What to wear for a TEDx talkSo, today we’re delving into what to wear for a TEDx talk a bit more, in light of my TEDx Malvern talk that’s fast approaching. Today I’m actually going to focus on the top half. I was going to do top, middle and bottom but it felt a bit too ‘The Price Is Right’ so I went for top and bottom. I probably didn’t need to explain that. I might have shown my age a bit. You know, with Michael Barrymore? No – let’s crack on…

What to wear for a TEDx talk – the top half

In this blog, I’m talking tops, blazers, jackets, ponchos, shirts and jewellery.

If you haven’t see my first blog about how to dress for a TEDx talk, then you can follow the link and have a read. It introduces ‘the Glam Squad’ without who I would probably be sat in a corner rocking. They had a really tricky brief.. mainly because I’m a complete nightmare when it comes to clothes, but to recap on a few things before we carry on…

  • The background of the stage will be black
  • The talk will be filmed
  • I’m ‘aware’ of my height and don’t wish to look any taller
  • I am rather conscious of my stomach area (I blame my children) and would like to avoid any attention being drawn to that

On top of this, I think when you’re doing any form of public speaking, meeting people for the first time, presenting a professional, you want to look ‘right’. This doesn’t mean a suit. It doesn’t mean black. It means smart but, more importantly, authentically you.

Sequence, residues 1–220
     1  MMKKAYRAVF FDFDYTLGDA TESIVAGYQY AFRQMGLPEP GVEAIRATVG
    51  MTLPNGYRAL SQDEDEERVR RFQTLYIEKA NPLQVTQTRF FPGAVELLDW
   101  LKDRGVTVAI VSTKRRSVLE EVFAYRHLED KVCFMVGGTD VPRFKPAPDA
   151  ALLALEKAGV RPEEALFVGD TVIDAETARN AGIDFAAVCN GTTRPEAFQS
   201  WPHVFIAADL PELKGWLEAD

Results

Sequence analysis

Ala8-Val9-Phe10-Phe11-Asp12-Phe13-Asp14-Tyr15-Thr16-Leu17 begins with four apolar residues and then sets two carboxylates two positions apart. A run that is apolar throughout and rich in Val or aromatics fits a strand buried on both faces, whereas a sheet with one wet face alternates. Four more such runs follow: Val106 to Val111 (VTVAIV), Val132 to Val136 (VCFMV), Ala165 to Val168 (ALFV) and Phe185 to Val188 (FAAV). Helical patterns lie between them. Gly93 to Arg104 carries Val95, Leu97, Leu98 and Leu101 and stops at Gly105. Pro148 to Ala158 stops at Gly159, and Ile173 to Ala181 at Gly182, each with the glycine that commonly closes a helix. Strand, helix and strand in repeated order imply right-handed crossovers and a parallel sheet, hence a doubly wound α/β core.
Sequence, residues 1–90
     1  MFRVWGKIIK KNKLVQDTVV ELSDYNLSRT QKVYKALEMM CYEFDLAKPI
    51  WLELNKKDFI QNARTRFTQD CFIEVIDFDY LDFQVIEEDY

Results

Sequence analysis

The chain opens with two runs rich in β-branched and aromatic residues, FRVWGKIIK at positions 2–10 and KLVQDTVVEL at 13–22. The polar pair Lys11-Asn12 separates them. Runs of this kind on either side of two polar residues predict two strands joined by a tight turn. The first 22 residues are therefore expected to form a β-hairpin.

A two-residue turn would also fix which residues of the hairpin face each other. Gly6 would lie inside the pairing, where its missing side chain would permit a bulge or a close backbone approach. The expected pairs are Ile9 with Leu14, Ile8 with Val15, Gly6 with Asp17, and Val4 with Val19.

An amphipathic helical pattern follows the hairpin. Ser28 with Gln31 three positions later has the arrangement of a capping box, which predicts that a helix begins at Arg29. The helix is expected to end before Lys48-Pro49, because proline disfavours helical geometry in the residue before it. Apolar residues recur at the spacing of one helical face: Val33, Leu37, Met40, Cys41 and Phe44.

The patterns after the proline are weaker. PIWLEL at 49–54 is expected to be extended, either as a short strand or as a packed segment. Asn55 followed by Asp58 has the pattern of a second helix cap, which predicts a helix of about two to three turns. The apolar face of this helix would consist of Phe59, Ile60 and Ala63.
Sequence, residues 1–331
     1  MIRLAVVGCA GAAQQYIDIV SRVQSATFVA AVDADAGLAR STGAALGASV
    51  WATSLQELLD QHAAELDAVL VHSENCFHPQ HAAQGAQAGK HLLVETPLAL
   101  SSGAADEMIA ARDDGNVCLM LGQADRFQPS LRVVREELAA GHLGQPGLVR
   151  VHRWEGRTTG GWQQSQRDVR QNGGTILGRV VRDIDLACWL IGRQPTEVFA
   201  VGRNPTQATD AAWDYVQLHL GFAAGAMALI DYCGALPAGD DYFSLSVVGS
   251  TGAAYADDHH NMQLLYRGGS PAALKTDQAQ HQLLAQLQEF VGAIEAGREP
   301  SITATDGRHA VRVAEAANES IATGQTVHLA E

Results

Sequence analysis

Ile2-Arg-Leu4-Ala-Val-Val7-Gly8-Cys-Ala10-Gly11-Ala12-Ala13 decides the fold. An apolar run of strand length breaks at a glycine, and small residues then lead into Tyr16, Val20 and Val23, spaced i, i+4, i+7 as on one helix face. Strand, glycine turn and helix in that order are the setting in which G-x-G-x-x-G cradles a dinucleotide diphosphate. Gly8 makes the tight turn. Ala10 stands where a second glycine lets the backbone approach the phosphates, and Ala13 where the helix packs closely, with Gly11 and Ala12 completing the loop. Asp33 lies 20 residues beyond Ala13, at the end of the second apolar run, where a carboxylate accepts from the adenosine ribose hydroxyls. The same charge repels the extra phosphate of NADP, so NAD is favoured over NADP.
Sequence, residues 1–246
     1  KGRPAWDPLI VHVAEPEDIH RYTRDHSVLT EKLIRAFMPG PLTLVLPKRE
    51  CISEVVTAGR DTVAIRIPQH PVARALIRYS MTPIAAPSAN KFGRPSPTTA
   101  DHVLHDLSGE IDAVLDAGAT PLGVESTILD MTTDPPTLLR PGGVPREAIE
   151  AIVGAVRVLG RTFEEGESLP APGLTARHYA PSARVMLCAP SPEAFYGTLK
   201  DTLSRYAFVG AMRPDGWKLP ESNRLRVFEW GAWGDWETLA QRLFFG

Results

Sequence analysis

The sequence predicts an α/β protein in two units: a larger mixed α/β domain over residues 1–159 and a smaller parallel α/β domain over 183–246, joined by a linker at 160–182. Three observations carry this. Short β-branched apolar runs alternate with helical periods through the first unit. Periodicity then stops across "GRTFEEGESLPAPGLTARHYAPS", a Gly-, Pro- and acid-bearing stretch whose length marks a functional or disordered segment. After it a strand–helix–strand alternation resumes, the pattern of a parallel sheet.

I don’t know about you, but when I’m wearing something I feel awkward in, the day/event doesn’t feel good. You know when you’re made to go to weddings and social events and you wear things that make you feel odd but you think you have to? Yep, I’m talking about that. And I for one am done with feeling awkward because of what I’m wearing. Of course, the people who have come to see the TEDx talk, well, anyone who has given up their precious time to see any talk, deserves respect. You should make an effort. They have given up their most valuable commodity and while you need to plan and prep what you’re going to say, I also think it’s important to show effort in your appearance. But not at the expense of feeling odd, because you just won’t do your best work. But there’s a happy medium. And that’s what the ‘Glam Squad’ – Karen and Sophie – and I had in mind.

The top